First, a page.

After the biggest win of Davidson's program in the last forty years, there was no mobbing at center court. The locker room was not being torn apart and there were only two media members talking to players other than Stephen Curry and Jason Richards.
Davidson's 73-56 win over third-seeded Wisconsin in the Midwest region semifinals was not a miracle of epic proportions. Davidson didn't need a last second three-pointer from Stephen Curry to cap off a big comeback. Instead, Davidson handed the champions of the Big Ten a good, ol-fashioned whupping.
After being tied at the half, Davidson went on a tear in the second stanza as Curry scored 22 second-half points to finish with 33 for the game. His high-flying show of dagger three-pointers and insane reverse layups was accentuated by Jason Richards' superb 11-point, 13-assist, 0-turnover performance. Andrew Lovedale continued to put up big numbers in the NCAA Tournament as he scored 12 points on 5-5 shooting.
By the end of the contest, not only had Davidson advanced to the Elite 8 for the first time since 1969 and won three straight NCAA tournament games for the first time ever, but they also continued to put their mark in the Davidson record book for years to come. Richards' 13 assists put him in first place all-time as Davidson's assist leader, while Curry's six three-pointers helped him tie the NCAA record for three-pointers in a season. Davidson's 29 wins ties last year's mark as the most all-time in Davidson's history.
After a first half where the Wildcats and Badgers exchanged punches from the three-point line and on the glass, Davidson was able to run away through the strength of their defense. The Wildcats forced seven second-half turnovers and held Wisconsin to 23% from the field. More importantly, Davidson was able to get in the open court and create open looks against one of the best defenses in the country.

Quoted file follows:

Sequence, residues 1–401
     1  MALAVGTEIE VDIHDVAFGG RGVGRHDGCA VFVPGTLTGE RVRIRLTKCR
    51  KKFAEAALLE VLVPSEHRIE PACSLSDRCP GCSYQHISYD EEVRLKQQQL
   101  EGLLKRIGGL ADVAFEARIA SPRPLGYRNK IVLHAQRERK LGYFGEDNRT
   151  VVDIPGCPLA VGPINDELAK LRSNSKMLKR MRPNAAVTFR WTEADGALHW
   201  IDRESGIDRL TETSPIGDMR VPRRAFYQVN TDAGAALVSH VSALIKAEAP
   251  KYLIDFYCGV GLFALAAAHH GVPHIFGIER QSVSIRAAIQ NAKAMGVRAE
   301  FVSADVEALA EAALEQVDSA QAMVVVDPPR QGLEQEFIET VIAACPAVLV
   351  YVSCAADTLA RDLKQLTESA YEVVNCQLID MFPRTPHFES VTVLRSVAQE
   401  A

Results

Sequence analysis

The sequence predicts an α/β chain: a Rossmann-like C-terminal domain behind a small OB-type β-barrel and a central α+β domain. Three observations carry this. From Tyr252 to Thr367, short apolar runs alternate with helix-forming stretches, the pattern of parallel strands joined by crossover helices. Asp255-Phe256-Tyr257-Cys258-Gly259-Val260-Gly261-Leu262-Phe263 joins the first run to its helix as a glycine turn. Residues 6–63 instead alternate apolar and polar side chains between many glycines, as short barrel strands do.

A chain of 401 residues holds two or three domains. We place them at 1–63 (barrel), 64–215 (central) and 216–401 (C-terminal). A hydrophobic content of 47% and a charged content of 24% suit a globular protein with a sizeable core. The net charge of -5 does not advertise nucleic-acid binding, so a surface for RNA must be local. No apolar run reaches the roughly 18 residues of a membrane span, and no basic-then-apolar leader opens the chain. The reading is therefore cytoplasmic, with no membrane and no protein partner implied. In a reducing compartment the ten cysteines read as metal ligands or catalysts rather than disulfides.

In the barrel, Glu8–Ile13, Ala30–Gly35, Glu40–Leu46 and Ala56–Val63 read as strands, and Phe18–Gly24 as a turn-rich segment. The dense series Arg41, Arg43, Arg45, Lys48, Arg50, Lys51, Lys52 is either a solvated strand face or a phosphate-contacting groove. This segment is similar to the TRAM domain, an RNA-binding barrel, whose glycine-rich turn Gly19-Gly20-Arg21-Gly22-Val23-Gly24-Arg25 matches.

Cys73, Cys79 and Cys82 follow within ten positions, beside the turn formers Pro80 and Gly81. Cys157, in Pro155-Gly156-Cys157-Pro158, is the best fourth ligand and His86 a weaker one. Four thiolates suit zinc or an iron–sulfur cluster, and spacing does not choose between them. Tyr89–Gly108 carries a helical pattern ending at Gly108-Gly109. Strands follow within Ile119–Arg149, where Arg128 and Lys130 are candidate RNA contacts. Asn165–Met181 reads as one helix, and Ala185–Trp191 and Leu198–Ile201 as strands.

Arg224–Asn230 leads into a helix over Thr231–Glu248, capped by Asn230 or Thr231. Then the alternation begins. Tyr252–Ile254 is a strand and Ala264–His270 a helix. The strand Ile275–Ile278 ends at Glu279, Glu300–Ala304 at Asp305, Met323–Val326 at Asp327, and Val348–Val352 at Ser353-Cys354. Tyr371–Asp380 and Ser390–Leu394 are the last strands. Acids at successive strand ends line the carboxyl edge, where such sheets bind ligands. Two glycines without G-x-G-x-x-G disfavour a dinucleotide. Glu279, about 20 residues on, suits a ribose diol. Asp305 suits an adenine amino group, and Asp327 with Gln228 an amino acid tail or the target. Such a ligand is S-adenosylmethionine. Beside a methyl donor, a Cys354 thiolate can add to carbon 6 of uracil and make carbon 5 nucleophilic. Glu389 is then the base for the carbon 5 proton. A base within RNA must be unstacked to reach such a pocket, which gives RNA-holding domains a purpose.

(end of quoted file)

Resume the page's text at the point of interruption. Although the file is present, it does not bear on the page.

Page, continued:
"Michael Flowers is a great defender, but I was able to find a lot of open spots in transition," Curry said afterwards. "Our defense helped create those opportunities and that's one of our biggest strengths as a team."
Although many writers thought that Wisconsin's size and game plan would slow down the Wildcats and force a grind-out affair, it was actually Davidson's defense and their team speed that took center stage.
"We love playing in the open court," Jason Richards said. "We are a team that plays fast. That's just what we do at Davidson."
And so as Davidson becomes the ever rare double digit seed to make the Elite 8, objective observers can't help but notice that this team does not fit the mold of your typical "cinderella."
In the post-game, a New York Post reporter asked Jason Richards how "teeny Davidson" seemed to out-physical the mighty Badgers.
"We won't back down from everyone."
The Wildcats actually outscored the taller Wisconsin squad 22-18 in the paint and won the rebounding battle in the second half.
Not only are these Wildcats strong and physical, they have a star player that belongs on the biggest stage. They have a player that Cinderella mid-majors aren't supposed to get their hands on. And on this biggest stage, Curry put on a show for the world and for one of the best players of that even bigger stage of the NBA, LeBron James.
"It is really cool for a guy like Lebron to come out and support us," Curry said. James was on his feet at several points in the second half, awe-struck with the moves of Curry.
But after you add up Davidson's strength and star power, you are left with a very glaring reality on this Friday night. These Wildcats played to win from the opening tip, and after rolling through the Big Ten champions, they acted like they had been here before.
"At the beginning of this season, I told John Kilgo that I wanted to win the National Championship," Andrew Lovedale said. "I wasn't joking."